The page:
Kirby Heard wore a POW bracelet growing up in the 1960s to support a soldier who was taken prisoner during the Vietnam War.
Last weekend she showed her support for the country’s soldiers again. The High Point musician participated in the Marathon Jam at American Legion Post 6 in Chapel Hill.
“I feel really strongly that our country needs to support the folks in the military,” she said. “I don’t want to sound political, but I feel like we drop the ball a lot.”
The seventh annual Marathon Jam on March 21 raised about $8,550 for Fisher House, which provides free lodging for families of soldiers and veterans receiving nearby medical care.
The money fell short of the annual goal, $10,000, after snow postponed the jam’s normal date, the last Saturday in February.
But money is not the only goal, said founder John Santa. The jams, which have spread to other cities, bring people together and make a huge difference to service men and women.
“Money is just the mechanism,” Santa said. “What is more important is somebody remembers and cares enough to not just shake their hands and say thank you for the service, but to do something to demonstrate the gratitude.”
“People don’t realize that 25 years later, these Vietnam veterans still have PTSD (post traumatic stress disorder), and they still have symptoms,” Santa said, his eyes welling with tears. Events like the Marathon Jam that show the veterans they are not alone help them to heal, he said.
A husband’s laugh
From 1 p.m. Saturday to 1 a.m. Sunday, dozens of musicians pulled metal folding chairs into a big circle and took turns singing and playing on the banjo, guitar, upright bass and steel guitar. Santa alternated between several stringed instruments and harmonica, sometimes playing both at the same time.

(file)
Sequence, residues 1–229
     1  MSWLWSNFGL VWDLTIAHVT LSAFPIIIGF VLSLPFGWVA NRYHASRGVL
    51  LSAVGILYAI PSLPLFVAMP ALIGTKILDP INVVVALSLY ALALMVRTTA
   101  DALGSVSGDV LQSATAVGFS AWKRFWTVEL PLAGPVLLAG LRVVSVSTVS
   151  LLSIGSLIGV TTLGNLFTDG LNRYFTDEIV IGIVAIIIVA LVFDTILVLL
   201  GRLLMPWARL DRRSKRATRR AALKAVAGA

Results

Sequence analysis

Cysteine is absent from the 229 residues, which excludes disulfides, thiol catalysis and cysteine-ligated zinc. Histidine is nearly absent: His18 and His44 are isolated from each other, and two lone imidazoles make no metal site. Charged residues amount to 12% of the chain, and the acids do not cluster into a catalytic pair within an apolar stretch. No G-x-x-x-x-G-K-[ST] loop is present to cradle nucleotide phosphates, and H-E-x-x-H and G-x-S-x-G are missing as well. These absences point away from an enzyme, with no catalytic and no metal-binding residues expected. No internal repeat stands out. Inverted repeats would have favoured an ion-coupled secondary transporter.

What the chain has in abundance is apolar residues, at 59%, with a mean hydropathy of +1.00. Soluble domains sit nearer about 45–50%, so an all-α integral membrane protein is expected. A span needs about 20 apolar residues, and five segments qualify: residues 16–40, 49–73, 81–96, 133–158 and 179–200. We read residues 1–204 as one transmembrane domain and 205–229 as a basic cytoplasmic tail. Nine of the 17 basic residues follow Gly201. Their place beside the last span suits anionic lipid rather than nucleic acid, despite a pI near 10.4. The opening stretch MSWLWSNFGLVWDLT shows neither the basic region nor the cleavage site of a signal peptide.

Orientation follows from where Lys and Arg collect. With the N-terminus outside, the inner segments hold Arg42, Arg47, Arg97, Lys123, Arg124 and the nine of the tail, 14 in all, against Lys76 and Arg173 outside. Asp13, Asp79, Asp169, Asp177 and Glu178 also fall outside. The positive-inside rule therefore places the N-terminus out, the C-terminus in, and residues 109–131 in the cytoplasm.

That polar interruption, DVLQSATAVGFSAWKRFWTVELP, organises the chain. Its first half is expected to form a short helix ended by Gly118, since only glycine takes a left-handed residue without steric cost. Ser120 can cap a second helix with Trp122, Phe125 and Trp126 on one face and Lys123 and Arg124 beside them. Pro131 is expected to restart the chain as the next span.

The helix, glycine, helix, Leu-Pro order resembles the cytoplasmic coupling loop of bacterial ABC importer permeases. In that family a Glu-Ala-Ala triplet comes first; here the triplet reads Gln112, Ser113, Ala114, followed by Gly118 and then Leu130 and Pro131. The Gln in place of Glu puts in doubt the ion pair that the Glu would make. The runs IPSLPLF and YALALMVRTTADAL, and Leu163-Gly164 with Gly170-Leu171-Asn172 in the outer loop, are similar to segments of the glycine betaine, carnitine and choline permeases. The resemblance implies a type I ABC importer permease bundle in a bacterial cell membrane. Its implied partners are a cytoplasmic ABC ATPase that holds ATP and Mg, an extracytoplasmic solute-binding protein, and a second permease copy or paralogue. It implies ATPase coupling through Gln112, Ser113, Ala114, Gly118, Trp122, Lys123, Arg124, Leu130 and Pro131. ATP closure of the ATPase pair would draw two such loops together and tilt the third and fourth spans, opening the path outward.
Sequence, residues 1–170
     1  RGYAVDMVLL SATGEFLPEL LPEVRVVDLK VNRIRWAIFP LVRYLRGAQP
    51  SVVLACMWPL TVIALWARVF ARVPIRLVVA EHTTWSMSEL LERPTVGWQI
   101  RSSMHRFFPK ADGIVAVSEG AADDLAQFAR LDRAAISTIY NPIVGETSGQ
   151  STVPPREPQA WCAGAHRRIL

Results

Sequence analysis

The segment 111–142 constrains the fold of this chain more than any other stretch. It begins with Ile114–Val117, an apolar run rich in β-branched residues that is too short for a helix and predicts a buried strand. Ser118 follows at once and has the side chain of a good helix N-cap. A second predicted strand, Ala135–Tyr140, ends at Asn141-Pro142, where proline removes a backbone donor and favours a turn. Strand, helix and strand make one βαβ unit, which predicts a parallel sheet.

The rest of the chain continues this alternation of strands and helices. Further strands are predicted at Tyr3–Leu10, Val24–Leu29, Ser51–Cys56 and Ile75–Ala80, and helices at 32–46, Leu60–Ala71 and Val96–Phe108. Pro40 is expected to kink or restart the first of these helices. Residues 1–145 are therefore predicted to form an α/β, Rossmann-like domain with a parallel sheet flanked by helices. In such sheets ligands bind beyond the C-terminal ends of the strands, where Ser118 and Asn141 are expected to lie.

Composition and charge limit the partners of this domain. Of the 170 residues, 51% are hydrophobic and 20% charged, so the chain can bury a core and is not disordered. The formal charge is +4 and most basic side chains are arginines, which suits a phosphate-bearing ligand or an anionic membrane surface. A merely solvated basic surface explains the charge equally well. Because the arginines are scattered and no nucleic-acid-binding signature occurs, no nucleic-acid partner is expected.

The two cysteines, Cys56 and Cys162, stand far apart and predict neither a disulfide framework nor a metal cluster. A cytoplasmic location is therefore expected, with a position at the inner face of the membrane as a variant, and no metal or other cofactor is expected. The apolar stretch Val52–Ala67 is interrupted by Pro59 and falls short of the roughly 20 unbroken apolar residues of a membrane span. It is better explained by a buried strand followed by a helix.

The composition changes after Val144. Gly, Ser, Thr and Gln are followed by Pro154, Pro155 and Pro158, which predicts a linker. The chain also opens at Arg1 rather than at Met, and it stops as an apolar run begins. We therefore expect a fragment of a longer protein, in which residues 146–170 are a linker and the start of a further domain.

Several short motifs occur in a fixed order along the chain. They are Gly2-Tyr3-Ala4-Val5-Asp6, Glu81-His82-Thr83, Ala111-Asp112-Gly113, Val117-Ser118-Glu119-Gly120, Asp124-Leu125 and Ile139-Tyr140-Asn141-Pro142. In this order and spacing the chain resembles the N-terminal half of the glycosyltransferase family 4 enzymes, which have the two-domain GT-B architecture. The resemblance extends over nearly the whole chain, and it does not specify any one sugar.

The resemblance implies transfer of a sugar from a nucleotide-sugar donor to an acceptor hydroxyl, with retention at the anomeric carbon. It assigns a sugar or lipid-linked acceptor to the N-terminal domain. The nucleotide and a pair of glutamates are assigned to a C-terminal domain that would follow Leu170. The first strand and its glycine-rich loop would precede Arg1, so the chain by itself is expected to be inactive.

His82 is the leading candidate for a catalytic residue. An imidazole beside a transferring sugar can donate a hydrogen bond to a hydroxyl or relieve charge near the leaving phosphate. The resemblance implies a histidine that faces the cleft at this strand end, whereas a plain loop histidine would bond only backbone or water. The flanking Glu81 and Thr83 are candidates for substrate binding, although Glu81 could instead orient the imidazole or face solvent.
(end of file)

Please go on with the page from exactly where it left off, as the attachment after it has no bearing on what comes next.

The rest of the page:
Several pickers brought their dogs, which wandered around or slept while the musicians played.
This year, the jam helped promote Wags 4 Tags, a program that trains dogs rescued from animal shelters to provide companionship and support to soldiers with psychological or emotional injuries.
Santa recalled taking his dog Gibson to Fisher House, where he met a soldier who had lost both legs and one of his arms. As the man slept, his wife came out and asked Santa if she could take his dog into her husband’s room.
When she returned, she no longer had Gibson with her.
“She said, ‘I want to thank you,’” Santa recalled. “It’s the first time I’ve heard my husband laugh in three months since he’s been home.”
“I need to ask you a favor,” the woman continued. “Can we borrow your dog? Because my husband is asleep with his arm around your dog.”
A big concern
Lorie Southerland, manager of the Fisher House at Fort Bragg in Fayetteville, said housing costs are a big concern for families visiting a loved one who has been injured or who is in crisis. The first question some ask when they come to Fisher House is how much it costs.
“It means so much to them to be able to come in to the place and not have to worry how much it is going to cost or how long they can stay,” Southerland said. “All they have to worry about is (their loved one) getting well.”
Most guests stay about a week, but she said one guest stayed six months.
During her four years at Fisher House, Southerland has met a lot of veterans and their families. She remembers a German family funded by Hero Miles, a program where travelers donate sky miles to those in need.
“I had a soldier who was stationed in Germany; he got hurt in Afghanistan,” she said. “So then he was in Fort Bragg getting medical care, and the Fisher House Foundation paid for his wife and daughter to spend Christmas with him.”
“Every day is awesome in Fisher House,” Southerland said.
The Marathon Jams in Chapel Hill have now raised nearly $80,000 for Fisher House Foundation.
Many musicians come back year after year.
This year Heard wore a black T-shirt that said “Iron Picker,” the name given to those who play and sing all 12 hours of the marathon jam. She’s now earned the title two years in a row.
But she no longer wears the POW bracelet.
“My guy came home, and I returned it to him,” she said. “I felt really lucky.”
To donate to the Marathon Jam for Fisher House go to marathonjam.com/